Exhibiting the same brilliant exegesis and sound practical insight found in his previous works, noted commentator Douglas J. Moo, in this new volume, not only explains accurately the meaning of the letters to the Colossians and to Philemon but also applies that meaning powerfully to twenty-first-century readers. Moo attentively interacts with the Greek text of these letters and clearly explains the English text to a contemporary audience.
- Level: Intermediate
- Type: Expository
Best Books on Philemon
Lexham Research Commentary: Philemon
The call of the letter to Philemon is for Christians to let the theology of the gospel—justification by faith for all who believe, both Jew and gentile—to radically reshape how they relate to other people. In the case of Philemon, this means taking Onesimus back not as a slave to be punished but as a brother in Christ and, possibly, as one freed from slavery.Learn more
Slave of Christ: A New Testament Metaphor for Total Devotion to Christ
Murray J. Harris sets out to uncover what it means to be a slave of Christ. He begins by assessing the nature of actual slavery in the Greco-Roman world and the New Testament’s attitude toward it. Drawing insights from this, he goes on to unfold the metaphor of slavery to Christ. Among the topics discussed are slavery and spiritual freedom, lordship, ownership, and privilege.Learn more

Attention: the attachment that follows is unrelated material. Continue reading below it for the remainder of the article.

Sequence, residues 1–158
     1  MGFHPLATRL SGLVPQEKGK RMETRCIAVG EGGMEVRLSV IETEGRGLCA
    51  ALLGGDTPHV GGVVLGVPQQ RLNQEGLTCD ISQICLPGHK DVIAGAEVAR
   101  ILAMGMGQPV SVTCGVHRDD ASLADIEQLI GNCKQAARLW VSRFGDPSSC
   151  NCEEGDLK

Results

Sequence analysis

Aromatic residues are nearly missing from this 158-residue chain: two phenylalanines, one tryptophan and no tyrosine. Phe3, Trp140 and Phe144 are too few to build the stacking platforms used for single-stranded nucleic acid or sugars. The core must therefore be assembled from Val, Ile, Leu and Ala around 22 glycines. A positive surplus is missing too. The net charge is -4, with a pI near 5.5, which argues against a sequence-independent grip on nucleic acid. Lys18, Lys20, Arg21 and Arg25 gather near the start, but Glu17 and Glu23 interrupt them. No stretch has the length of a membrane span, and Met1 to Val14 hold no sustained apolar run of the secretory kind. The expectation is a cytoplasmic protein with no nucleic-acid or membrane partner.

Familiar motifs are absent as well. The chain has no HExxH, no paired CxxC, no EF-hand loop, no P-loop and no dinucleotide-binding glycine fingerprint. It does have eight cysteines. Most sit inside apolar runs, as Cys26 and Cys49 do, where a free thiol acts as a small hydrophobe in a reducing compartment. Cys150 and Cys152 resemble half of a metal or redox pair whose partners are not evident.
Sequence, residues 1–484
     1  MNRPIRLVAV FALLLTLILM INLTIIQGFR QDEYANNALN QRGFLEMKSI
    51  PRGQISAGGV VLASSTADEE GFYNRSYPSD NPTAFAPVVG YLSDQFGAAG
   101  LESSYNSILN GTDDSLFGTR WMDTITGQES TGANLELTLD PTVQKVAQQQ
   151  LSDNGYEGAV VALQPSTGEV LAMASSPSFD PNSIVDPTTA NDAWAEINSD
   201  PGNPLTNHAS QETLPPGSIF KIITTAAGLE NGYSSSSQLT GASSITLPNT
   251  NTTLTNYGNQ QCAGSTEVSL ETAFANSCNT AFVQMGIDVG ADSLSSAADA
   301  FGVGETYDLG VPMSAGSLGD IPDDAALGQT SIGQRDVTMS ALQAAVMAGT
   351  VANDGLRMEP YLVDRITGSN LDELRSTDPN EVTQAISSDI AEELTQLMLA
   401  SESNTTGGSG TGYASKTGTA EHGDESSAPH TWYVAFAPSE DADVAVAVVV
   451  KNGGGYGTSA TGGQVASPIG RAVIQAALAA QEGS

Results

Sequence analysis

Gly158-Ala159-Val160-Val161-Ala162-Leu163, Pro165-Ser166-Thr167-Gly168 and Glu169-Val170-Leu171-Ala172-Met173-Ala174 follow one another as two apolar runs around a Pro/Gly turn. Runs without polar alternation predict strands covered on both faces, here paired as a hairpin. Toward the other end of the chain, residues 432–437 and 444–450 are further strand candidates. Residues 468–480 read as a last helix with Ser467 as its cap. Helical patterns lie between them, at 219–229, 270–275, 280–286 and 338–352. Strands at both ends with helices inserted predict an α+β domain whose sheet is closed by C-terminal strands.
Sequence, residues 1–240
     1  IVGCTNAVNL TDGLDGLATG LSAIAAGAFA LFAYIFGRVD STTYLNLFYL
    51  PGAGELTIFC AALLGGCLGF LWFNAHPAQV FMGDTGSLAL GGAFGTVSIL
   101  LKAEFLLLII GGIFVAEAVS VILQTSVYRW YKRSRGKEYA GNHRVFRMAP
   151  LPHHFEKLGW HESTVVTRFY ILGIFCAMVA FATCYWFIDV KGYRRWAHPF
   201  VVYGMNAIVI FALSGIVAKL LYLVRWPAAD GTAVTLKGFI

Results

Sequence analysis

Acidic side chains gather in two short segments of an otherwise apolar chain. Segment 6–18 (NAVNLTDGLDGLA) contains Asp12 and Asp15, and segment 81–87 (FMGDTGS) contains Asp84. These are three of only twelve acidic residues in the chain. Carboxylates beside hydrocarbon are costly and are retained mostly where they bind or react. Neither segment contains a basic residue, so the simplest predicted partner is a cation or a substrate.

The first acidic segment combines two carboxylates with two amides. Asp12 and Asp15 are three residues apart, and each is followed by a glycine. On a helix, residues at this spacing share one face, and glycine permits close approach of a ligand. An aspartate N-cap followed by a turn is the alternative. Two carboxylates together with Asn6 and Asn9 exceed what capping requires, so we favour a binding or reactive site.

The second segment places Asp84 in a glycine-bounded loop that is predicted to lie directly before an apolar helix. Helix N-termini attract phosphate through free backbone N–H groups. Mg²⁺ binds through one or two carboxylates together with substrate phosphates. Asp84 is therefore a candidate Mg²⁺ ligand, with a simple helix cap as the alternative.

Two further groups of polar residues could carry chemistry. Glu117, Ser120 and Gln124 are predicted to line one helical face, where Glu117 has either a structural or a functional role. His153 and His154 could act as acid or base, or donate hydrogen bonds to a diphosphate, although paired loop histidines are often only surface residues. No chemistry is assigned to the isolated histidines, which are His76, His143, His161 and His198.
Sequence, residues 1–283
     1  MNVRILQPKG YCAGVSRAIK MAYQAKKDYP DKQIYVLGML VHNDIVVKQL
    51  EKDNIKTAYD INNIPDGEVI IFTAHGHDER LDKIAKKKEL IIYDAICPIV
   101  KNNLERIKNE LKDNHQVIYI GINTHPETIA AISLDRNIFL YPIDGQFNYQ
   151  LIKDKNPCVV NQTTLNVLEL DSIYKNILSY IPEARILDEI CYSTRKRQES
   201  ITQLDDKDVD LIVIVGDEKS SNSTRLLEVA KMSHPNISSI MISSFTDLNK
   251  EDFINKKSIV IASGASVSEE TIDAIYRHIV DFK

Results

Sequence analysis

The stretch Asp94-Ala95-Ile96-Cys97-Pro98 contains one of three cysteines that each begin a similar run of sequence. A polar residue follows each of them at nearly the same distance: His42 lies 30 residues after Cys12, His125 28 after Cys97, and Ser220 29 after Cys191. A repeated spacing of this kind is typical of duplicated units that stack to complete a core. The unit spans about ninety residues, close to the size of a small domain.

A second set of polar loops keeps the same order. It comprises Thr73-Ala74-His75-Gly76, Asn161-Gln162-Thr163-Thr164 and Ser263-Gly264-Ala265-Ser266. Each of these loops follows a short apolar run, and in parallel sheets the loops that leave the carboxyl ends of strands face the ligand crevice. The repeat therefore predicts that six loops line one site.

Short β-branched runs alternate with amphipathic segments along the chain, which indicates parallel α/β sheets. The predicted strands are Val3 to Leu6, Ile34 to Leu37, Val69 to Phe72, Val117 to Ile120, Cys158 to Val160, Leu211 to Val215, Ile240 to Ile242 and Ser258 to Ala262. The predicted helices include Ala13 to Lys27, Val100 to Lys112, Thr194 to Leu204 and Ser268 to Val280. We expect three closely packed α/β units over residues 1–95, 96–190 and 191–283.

Onesimus Our Brother: Reading Religion, Race, and Culture in Philemon
In Onesimus Our Brother, leading African American biblical scholars tease out the often unconscious assumptions about religion, race, and culture that permeate contemporary interpretation of the New Testament and of Paul in particular. The editors argue that Philemon is as important a letter from an African American perspective as Romans or Galatians have proven to be in Eurocentric interpretation. The essays gathered here continue to trouble scholarly waters, interacting with the legacies of Hegel, Freud, Habermas, Ricoeur, and James C. Scott, as well as the historical experience of African American communities.Learn more
Slavery, Sabbath, War, and Women: Case Issues in Biblical Interpretation
The Bible appears to give mixed and even conflicting signals on four contentious issues: slavery, the Sabbath, war, and God’s charge for women. In Slavery, Sabbath, War, and Women, New Testament scholar Willard Swartley seeks, in a spirit of unity and dialogue, to clarify the interpretive difficulties surrounding these topics. A predecessor to his 2003 publication Homosexuality, this book presents a thorough, spirit-filled discussion of some of the most nuanced and sensitive issues facing the Church today.Learn more